Most antidepressants have a long enough half-life in the elderly that they may be given as a single dose in the morning or evening, depending on the sedative or activating properties of the particular drug. Dosages need to be titrated carefully: the more gradual the titration, the lower the likelihood of side effects.

Typical antidepressant dosage ranges are one half of those used in younger patients. Occasionally, however, a full dosage is needed to yield a therapeutic effect.

ANXIOLYTIC AND SEDATIVE-HYPNOTIC DRUGS

Benzodiazepines are indicated for the short-term management of anxiety and insomnia, but nonpharmacologic measures should be tried first. Emphasizing good sleep habits is a first step and should include decreasing afternoon caffeine intake, exercising regularly before dinner, avoiding naps, establishing regular sleep hours, treating nighttime pain, addressing nocturia and maintaining a comfortable bedroom environment (temperature, noise level, lighting, etc.).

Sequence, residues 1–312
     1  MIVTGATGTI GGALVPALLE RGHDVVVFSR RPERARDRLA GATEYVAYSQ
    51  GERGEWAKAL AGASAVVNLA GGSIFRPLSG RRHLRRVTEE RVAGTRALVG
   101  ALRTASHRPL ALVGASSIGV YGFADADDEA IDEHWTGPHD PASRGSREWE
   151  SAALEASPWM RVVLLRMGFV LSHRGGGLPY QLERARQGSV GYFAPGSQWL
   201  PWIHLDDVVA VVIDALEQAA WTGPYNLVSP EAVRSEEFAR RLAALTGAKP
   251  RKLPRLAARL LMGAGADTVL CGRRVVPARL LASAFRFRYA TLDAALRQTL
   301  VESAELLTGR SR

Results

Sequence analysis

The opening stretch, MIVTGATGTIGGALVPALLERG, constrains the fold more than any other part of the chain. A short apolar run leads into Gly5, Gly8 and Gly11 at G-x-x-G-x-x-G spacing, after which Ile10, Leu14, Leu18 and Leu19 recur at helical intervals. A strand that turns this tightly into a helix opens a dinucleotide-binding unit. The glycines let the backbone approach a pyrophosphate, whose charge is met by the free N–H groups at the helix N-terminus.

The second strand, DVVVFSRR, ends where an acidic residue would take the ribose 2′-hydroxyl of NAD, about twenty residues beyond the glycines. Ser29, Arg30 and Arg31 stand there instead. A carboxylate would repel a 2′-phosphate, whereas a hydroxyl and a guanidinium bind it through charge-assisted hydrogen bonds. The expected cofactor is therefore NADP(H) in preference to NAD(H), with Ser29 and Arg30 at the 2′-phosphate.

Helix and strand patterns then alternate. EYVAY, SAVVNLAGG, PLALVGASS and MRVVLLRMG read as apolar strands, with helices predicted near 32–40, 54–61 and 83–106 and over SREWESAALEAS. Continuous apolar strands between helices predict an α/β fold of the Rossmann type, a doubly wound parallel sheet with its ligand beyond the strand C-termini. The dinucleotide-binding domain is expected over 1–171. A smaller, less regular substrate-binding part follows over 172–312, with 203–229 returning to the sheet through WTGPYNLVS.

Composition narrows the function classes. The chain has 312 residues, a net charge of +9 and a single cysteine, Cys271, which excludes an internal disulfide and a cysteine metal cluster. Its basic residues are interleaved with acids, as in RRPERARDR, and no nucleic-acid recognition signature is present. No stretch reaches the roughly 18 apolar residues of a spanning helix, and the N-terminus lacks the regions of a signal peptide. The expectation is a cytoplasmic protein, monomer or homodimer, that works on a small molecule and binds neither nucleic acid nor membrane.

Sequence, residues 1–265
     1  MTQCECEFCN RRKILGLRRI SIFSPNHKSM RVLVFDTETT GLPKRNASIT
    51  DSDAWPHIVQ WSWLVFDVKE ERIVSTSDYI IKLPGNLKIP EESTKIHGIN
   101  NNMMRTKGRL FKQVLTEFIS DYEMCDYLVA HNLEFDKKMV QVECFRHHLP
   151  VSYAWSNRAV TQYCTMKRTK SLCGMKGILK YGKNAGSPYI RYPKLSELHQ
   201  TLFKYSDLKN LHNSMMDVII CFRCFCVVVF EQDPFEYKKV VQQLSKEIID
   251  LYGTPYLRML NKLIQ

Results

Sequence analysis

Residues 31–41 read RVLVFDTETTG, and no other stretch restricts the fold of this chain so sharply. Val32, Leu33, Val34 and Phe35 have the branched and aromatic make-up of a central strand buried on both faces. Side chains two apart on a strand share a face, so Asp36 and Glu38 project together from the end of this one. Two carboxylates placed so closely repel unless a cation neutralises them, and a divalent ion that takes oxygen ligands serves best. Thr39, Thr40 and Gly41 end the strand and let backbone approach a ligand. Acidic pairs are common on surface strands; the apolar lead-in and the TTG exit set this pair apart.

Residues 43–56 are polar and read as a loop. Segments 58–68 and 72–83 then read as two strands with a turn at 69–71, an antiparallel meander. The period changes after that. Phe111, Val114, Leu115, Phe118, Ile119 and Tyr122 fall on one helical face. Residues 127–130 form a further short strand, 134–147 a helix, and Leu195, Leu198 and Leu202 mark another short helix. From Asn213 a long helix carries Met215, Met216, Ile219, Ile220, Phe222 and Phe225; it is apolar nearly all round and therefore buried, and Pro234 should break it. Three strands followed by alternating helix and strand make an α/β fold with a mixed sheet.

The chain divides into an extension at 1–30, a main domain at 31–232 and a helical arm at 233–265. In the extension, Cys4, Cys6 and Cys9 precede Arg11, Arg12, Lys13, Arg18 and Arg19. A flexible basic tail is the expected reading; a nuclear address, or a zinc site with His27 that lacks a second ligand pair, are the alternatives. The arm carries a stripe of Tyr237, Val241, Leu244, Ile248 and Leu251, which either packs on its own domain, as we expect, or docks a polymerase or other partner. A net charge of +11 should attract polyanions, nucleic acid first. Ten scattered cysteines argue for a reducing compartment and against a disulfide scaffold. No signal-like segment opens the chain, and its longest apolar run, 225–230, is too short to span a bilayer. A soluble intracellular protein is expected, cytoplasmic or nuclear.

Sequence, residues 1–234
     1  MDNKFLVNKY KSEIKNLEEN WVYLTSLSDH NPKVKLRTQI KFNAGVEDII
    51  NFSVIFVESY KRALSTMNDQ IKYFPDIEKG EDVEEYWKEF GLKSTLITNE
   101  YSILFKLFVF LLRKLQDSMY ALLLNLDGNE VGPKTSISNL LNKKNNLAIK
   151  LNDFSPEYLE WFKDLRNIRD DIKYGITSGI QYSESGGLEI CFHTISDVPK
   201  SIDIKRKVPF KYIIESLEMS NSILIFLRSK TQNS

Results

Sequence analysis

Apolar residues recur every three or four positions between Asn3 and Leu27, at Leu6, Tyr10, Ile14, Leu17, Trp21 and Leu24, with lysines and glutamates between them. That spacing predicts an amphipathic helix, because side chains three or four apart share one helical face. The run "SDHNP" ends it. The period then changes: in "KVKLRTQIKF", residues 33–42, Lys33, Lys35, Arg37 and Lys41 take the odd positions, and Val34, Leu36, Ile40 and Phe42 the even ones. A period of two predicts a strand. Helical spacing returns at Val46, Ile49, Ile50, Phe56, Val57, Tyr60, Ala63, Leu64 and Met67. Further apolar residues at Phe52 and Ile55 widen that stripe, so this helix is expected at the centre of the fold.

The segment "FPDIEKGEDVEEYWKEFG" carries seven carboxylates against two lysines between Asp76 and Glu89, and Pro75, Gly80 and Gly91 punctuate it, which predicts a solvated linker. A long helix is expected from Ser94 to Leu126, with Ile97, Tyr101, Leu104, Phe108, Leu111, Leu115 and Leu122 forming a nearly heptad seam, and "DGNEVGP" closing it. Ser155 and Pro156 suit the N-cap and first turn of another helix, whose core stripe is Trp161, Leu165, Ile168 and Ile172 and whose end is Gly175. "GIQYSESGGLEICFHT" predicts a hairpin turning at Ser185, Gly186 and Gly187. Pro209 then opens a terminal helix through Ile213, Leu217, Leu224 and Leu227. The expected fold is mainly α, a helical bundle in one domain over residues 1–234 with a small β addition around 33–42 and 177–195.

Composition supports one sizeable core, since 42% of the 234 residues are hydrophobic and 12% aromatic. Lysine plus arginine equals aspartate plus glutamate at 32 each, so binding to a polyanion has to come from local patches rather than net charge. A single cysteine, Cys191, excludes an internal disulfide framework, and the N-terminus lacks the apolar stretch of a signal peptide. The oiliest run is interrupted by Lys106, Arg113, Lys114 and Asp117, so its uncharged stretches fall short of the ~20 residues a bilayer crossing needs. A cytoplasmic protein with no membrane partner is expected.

When benzodiazepine therapy becomes necessary for older patients, it is preferable to use short-acting agents. Elderly patients can better tolerate temazepam (Restoril) and lorazepam (Ativan), which have relatively short half-lives (three to 18 hours and 10 to 16 hours, respectively) and relatively short durations of action.16,17 Long-acting benzodiazepines, which have half-lives that may exceed 100 hours, carry higher risks for elderly patients. Indeed, the continuous administration of a long-acting benzodiazepine can lead to profound confusion, cognitive impairment and falls. For this reason, OBRA guidelines permit the use of long-acting benzodiazepines in residents of long-term care facilities only if a trial of short-acting benzodiazepines fails.